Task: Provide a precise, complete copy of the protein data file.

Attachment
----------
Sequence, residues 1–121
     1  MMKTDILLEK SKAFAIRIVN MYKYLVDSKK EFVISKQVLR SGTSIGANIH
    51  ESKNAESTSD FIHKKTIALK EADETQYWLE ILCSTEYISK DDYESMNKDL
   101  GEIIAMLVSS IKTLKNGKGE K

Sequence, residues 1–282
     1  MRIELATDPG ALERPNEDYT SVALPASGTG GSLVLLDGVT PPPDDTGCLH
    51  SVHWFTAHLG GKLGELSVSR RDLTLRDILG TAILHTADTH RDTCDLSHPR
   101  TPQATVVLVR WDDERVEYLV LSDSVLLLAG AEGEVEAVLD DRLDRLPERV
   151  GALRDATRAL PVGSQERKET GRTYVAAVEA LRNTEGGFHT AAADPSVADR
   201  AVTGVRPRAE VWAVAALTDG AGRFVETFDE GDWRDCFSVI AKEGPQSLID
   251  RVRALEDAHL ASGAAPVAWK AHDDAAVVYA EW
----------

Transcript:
Sequence, residues 1–121
     1  MMKTDILLEK SKAFAIRIVN MYKYLVDSKK EFVISKQVLR SGTSIGANIH
    51  ESKNAESTSD FIHKKTIALK EADETQYWLE ILCSTEYISK DDYESMNKDL
   101  GEIIAMLVSS IKTLKNGKGE K

Sequence, residues 1–282
     1  MRIELATDPG ALERPNEDYT SVALPASGTG GSLVLLDGVT PPPDDTGCLH
    51  SVHWFTAHLG GKLGELSVSR RDLTLRDILG TAILHTADTH RDTCDLSHPR
   101  TPQATVVLVR WDDERVEYLV LSDSVLLLAG AEGEVEAVLD DRLDRLPERV
   151  GALRDATRAL PVGSQERKET GRTYVAAVEA LRNTEGGFHT AAADPSVADR
   201  AVTGVRPRAE VWAVAALTDG AGRFVETFDE GDWRDCFSVI AKEGPQSLID
   251  RVRALEDAHL ASGAAPVAWK AHDDAAVVYA EW